Word reaches us from San Diego that the Tri-City Medical Center has decided to abandon a condemnation action it had filed earlier to take a three-story medical office building in Oceanside. The condemnor deposited $4.7 million, but after trial, a jury awarded $16.8 million, and the trial court also awarded litigation expenses in the amount of $2.2 million. See Paul Sisson, Tri-City Says It Wants to Abandon Eminent Domain Fight, San Diego Union, Dec. 19, 2016,
The unusual twist in this case is that the owners seek to prevent the condemnor from abandoning and are filing an appropriate motion with the court. They argue that under the circumstances, an abandonment of the condemnation action cannot restore the owners to the status quo ante. So far, the condemnor has spent some $2.6 million in litigation expenses of its own on this litigation.
More is certain to come, so we will try to keep an eye on this one. Stay tuned.
ArkansasOnline.com/news of October 21, 2016, reports that the State Highway and Transportation Department, having deposited $639,000 into court, but having been confronted with the owners’ appraisal of $1,600,000, thought better of it and settled via a consent judgment for $1,525,000.
The initial bone of contention was that the State’s initial deposit failed to take into account the substantial impairment of access to the remainder caused by the partial taking, and the loss of parking on the remaining land, after the partial taking.
The Roanoke Times reports the settlement of an eminent domain case. Couple, City of Radford Settle Eminent Domain Case, Aug. 28, 2016. http://www.roanoke.com/news/local/radford/couple-city-of-radford-settle-eminent-domain-case/article_8172b94f-39a5-5a5d-b5be-07827446fafc.html
The city originally disregarded severance damages, even though the taking moved a driveway off the owners’ property.
The city’s offer was $2128, but the settlement, entered into on the eve of trial, was $21,000 — about 10 times the offer.
The Central Pennsylvania Business Journal of August 5, 2016, reports that a local jury awarded $1,250,000 to a property owner for the taking of his property, after the owners rejected the city’s offer of $60,000. The story does not report what legal or factual issues divided the parties. The city vows to appeal.
Http://Fox13now.com reports (Mark Green, “Court Affirms Prior Judgment, UDOT Ordered to Pay $15 Million in Eminent Domain Case, 6/24/2016) that after offering a property owner $5.2 million (without severance damages) Utah DOT took 63 acres out of a 350-acre larger parcel) for a highway. After trial, the court awarded $9 million for the part taken, plus $4 million in severance damages, plus about $1.9 in interest, for a total of $15,014,933.
NJ Advance Media for N.J.com brings the dispatch from Essex County, new Jersey, that a local jury just awarded a property owner $2.9 million in an eminent domain case. The city of Bloomfield took the owners’ property — a commercial parcel that the owner meant to develop — in order to develop it itself. The taking took place in 2012.
The case went to trial two years later. The city’s appraiser testified to a value of $440,000 and the city argued that the parcel could not be developed. The jury disagreed and brought in a verdict for $2,900,000 — or, 6.5 times the city’s evidence. The owner’s trial counsel was Anthony DellaPelle of McKirdy & Riskin, a law firm in Morristown, New Jersey.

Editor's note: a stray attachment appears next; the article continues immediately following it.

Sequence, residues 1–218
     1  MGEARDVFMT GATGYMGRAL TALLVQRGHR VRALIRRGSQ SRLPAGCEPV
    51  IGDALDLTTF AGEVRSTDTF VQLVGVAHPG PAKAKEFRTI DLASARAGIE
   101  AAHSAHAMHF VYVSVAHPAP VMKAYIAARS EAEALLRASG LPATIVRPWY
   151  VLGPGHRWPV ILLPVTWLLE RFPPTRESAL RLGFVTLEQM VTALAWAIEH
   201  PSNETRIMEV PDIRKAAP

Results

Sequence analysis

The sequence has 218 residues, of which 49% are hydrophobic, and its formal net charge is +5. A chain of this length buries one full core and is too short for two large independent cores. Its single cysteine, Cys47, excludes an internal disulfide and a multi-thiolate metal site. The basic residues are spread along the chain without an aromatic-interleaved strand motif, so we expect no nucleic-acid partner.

Word reaches us that in a case in New Hanover County, North Carolina, involving the taking of the property of a building supply company, the state DOT presented evidence of $303,000 as just compensation (and later offered $700,000). The owners demanded $1,000,000 to settle. After trial, the jury verdict came to $2,995,000 — the amount of the owners’ evidence. After adding interest the total award came to $3,426,000. That’s over eleven times DOT’s original offer.
The Winona Post of July 13, 2015 (Chris Rogers, Mn/DOT Settles With Winona Leasing) reports that after the Minnesota DOT offered Winona Leasing $600,000 for its land on which a car rental business was conducted, the offer was rejected and eventually, Mn/DOT settled for $900,000. The trial court also awarded the owners $32,000 in attorneys’ fees in spite of the fact that the owner’s contract with his lawyers called for a fee of one-third of the overage, or $100,000.
The Triangle Business Journal reports that in a taking case in Raleigh, the State DOT offered the owner $263,007, but eventually a jury awarded $1.2 million. The issue that divided the parties was access in the after condition. The taking partially eliminated the subject property’s driveway and eliminated 50 of 99 parking spaces for five years during the construction. See Jeff Jeffrey, Jury Awards N.C. Property Ownr $1.3M Verdicts Against NCDOT, Triangle Business Journal, June 17, 2015.
Click on http://www.bizjournals.com/triangle/news/2015/06/17/jury-awards-wilmington-property-owner-1-2m-verdict.html
News reaches us that a property owner in Wichita Falls, Texas, won a $445,365 judgment against a power company, as opposed to an initial offer of $55,000, later raised to nearly $140,000. The award was a $393,165 jury verdict, plus interest and costs, which came to a total of about $445,000.
The case is Oncor Electric Delivery Co. v. Edward Clack, Case No. C-330-E. The news item does not indicate what factual or legal issue(s) divided the parties, to make the jury verdict eight times the amount of the initial offer. See http://www.prnewswire.com/news-releases/texas-landowner-wins-445000-judgment-against-power-company-for-lost-property-value-300036697.html